If you answered mostly “Yes”

You potentially have ulcerative colitis. Like Crohn’s disease, there aren’t any known causes for the condition. However, gastroenterologists do believe that it relates to an abnormality of the immune system in the intestines. A person who eats a high-fat diet or takes non-steroidal anti-inflammatory drugs (NSAIDs) can also develop the disease. 

Meanwhile, TCM states that the condition results from Dampness and Heat attacking the Large Intestine. Consequently, this disrupts the organ’s ability to transport food and waste products through the digestive tract efficiently. This Dampness-Heat interaction can also present as clinical symptoms like diarrhea, nausea, vomiting, or blood or mucus-rich stools. 

Tips For Managing Ulcerative Colitis

A gastroenterologist performs different tests after a physical examination to diagnose ulcerative colitis and Crohn’s disease. A blood test can help identify either condition by indicating bleeding in the colon or rectum. Stool samples can exhibit signs of inflammation. Imaging and endoscopic tests can help assess the health of your colon and rectum. It can also help differentiate the two conditions.

The expert will then recommend various medications, depending on the severity of your condition. Amino salicylates are effective for people with mild to moderate symptoms. Corticosteroids work for severe ulcerative colitis. The use of immunomodulators can calm an overactive immune system.

Biologics can help manage the condition by quieting parts of the immune system. Janus kinase inhibitors can inhibit the body’s enzymes from triggering inflammation. Sometimes, the expert will also perform a surgical procedure to stop uncontrollable symptoms. This also helps steer clear of medication side effects, reduces a person’s risk of colon cancer, and eliminates life-threatening complications, like bleeding. 

Alternatively, a study published in the World Journal of Gastroenterology found that powder derived from a herbal ingredient called Indigo Naturalis (Qing Dai) can suppress ulcerative colitis. The use of this powder enabled 6 people with intractable ulcerative colitis to discontinue using prednisolone – a corticosteroid used to control the condition.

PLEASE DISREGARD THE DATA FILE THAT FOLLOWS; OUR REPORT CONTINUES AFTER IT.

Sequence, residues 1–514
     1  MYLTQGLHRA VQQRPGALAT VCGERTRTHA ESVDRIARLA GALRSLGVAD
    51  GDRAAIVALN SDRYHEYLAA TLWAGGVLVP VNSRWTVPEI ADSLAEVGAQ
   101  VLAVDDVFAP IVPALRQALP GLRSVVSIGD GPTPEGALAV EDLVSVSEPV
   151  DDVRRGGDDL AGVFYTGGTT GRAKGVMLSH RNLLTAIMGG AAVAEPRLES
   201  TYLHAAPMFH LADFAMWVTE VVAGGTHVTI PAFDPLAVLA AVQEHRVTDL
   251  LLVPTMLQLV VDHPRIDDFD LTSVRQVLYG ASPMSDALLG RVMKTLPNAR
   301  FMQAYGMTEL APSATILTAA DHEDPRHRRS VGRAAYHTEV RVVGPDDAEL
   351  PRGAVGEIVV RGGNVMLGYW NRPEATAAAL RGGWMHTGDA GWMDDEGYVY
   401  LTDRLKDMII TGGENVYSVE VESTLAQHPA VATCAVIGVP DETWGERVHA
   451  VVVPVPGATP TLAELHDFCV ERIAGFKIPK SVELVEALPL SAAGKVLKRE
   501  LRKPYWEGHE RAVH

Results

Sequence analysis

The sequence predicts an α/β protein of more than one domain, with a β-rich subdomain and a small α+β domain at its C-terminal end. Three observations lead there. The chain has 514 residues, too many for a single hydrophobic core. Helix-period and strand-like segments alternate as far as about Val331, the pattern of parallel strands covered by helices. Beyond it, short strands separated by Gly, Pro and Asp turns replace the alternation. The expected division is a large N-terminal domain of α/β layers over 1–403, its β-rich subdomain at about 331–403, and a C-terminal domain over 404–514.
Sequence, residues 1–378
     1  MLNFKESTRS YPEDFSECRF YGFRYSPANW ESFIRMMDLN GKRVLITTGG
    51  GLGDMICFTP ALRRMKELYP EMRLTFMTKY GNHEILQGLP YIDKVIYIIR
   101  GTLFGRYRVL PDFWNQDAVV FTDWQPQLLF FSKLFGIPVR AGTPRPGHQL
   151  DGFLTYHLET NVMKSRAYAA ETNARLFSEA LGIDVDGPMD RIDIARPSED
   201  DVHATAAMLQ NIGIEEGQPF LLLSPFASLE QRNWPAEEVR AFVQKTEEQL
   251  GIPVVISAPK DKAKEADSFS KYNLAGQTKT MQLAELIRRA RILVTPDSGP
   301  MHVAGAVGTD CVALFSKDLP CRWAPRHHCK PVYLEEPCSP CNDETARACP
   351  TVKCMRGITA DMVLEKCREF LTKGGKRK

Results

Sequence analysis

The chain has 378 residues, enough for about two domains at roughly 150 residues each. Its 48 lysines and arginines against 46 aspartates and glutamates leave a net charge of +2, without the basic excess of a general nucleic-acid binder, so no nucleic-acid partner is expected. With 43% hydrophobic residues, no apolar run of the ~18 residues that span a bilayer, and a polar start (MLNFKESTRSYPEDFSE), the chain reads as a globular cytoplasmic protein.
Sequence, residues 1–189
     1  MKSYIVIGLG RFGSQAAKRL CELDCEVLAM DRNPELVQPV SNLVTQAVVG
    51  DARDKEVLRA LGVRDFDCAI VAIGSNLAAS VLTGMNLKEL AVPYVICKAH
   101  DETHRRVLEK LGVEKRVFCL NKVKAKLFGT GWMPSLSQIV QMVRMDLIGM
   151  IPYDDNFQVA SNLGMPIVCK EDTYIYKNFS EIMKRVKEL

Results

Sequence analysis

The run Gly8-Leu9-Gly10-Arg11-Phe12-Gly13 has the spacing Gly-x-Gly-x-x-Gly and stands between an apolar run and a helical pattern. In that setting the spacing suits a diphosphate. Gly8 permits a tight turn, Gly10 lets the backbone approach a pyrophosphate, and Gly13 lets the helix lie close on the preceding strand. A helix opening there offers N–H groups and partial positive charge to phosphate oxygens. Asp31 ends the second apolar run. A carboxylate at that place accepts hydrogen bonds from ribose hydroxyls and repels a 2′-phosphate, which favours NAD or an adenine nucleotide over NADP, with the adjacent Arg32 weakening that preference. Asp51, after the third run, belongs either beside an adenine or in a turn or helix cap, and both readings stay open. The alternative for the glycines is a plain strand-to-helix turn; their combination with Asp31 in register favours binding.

These findings coincide with the results of another study in the Clinical Journal of Chinese Medicine, which showed the conjunctive use of shrubby sophora (Ku Shen) and Radix Pulsatillae (Bai Tou Weng) with acupuncture was more effective than antibiotics in managing ulcerative colitis. The acupoints you can stimulate include Lie Que (LU7), Shu Gu (BL65), San Yin Jiao (SP6), and Zu San Li (ST36).

Additionally, research shows that taking a probiotic supplement may help ease symptoms of irritable bowel disease.

Knowing if your symptoms are that of Crohn’s disease or ulcerative colitis can improve your quality of life. Seek treatment early to improve your condition more successfully. If this quiz has helped you understand your condition, share it with loved ones!

References

  1. NHS. Crohn’s Disease.  
  2. MedicineNet. 2019. Ulcerative Colitis: Symptoms & Signs
  3. Cleveland Clinic. Ulcerative Colitis
  4. Hindawi. 2018. Development of a Traditional Chinese Medicine Syndrome-Specific Scale for Ulcerative Colitis: The Large Intestine Dampness-Heat Syndrome Questionnaire. 
  5. HealthCMI. 2013. Chinese Herb & Acupuncture Clear Ulcerative Colitis Research
  6. PointFinder. Colitis
  7. Medicine Journal. 2018. The Clinical Effects of Probiotics For Inflammatory Bowel Disease: A Meta Analysis. 

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Reviews (2)

BorisAug 30 2022

Is it not the opposite? Mostly NO would be Crohn, and mostly YES would be colitis (mucus, blood etc…)

All Things Health TeamSep 12 2022

Hi Boris, thank you for the feedback, and we are amending the article to reflect the accurate information.